Annie Besant, born Annie Wood in Ireland on 1 October 1847, was a renowned political activist, freedom fighter and a champion of the anti-Church movement and women’s rights. In the 1870s Besant became a member of the National Secular Society and the Fabian Society which championed freedom of thought and liberation from the tyranny of the Catholic Church in England.
Her quest for socialist movement and search for spiritual solace led her to join the Theosophical Society. During her stint as a member of the society, she became attracted to Hinduism and its spiritual ideals. With the aim of preaching the ideals of the Theosophical Society, she came to India in 1893. A few days after landing in India she became inspired by the ongoing struggle for freedom against British rule and slowly became an active part of it.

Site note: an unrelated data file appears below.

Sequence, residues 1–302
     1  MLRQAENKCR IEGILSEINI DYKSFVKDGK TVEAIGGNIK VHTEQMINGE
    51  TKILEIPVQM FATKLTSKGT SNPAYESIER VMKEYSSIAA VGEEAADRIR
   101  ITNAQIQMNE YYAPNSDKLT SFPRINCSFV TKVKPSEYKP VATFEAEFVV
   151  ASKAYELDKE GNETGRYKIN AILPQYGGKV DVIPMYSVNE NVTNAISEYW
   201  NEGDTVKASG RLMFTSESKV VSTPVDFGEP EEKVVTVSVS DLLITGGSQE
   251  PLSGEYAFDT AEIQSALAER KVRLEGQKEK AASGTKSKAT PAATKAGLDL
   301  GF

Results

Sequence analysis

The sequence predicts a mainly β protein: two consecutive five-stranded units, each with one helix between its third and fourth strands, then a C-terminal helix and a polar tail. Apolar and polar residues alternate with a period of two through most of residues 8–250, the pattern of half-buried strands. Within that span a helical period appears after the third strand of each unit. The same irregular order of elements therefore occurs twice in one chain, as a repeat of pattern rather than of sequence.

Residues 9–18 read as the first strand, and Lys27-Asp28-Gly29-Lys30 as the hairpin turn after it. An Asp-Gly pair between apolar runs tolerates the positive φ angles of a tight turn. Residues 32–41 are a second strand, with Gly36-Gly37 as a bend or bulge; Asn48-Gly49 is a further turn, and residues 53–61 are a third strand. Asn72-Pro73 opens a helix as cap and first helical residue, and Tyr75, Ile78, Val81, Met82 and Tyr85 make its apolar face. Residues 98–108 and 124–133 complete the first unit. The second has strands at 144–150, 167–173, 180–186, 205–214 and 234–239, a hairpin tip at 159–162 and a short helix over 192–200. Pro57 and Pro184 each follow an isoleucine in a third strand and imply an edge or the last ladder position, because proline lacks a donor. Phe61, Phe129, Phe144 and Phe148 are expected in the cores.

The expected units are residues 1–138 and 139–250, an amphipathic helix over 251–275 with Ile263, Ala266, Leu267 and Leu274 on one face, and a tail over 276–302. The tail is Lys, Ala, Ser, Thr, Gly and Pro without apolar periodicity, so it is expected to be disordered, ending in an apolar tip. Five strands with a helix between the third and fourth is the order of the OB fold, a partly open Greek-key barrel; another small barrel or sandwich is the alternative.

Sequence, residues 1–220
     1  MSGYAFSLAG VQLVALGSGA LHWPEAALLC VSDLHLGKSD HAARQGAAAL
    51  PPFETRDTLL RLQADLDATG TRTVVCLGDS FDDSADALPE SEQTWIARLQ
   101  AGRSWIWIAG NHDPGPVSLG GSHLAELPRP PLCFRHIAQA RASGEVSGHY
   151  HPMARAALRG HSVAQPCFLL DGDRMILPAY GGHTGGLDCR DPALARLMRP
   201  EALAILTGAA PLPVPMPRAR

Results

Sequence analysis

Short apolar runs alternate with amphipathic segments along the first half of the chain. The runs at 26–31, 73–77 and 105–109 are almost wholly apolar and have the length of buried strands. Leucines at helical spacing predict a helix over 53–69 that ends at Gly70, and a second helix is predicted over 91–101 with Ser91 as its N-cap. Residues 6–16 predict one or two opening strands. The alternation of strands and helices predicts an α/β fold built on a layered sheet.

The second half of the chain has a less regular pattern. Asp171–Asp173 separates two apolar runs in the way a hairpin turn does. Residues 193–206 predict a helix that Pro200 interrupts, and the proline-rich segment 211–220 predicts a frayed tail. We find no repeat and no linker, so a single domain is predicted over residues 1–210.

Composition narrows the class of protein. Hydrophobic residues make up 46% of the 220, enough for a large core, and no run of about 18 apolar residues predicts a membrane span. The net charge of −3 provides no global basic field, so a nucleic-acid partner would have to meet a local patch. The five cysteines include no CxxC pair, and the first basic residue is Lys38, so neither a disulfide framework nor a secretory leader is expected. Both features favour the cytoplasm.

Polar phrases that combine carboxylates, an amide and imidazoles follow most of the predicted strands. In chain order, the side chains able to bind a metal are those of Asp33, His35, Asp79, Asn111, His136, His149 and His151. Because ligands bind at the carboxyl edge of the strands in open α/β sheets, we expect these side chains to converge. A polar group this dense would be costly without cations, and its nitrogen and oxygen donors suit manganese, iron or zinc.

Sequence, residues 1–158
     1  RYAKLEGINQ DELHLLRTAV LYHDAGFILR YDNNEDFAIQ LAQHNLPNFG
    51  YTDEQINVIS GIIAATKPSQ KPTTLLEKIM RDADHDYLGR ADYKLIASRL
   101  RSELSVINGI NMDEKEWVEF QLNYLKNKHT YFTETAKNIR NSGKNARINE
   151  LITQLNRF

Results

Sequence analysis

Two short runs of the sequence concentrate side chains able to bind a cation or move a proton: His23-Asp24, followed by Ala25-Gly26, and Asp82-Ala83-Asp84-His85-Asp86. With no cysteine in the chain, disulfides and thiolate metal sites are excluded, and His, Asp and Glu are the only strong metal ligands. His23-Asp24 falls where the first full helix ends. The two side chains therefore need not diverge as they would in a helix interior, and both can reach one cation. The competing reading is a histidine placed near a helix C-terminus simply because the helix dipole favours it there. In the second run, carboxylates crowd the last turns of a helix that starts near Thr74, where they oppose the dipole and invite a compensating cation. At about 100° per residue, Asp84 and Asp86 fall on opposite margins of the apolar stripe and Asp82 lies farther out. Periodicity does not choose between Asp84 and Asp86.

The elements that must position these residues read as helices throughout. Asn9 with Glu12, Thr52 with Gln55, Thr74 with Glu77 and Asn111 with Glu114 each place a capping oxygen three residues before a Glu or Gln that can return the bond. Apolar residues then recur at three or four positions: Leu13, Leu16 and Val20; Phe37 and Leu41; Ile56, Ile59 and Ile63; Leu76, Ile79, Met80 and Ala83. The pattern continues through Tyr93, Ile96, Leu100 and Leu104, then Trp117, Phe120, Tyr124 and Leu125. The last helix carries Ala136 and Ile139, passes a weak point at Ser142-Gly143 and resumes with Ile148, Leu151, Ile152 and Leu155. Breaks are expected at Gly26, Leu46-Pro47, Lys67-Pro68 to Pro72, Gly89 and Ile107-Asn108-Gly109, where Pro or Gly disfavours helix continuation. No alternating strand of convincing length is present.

The most notable contribution of Besant towards the Indian freedom movement was the founding of Home Rule League in 1916. Besant, along with Lokmanya Bal Gangadhar Tilak, carried on the landmark movement which became a turning point in the decades-long Indian freedom struggle. Conceived along the lines of the Irish Home Rule movement, the aim of the crusade was to attain Dominion status for India like Australia and Canada. The movement went on for two years, with the Indian Home Rule League’s activities playing a significant role in empowering the freedom struggle.
In 1917, Besant was put under house arrest for her participation in the Home Rule movement. Her arrest led to widespread protests and later she was released. While in imprisonment, she remained defiant and raised the green and red flag which was the symbol of the Home Rule movement.
Besant died in India on September 20, 1933. Throughout her life, she was a brave and outspoken woman who donned many hats-social worker, a crusader for religious freedom and an active participant in the freedom struggle of a country she made her home.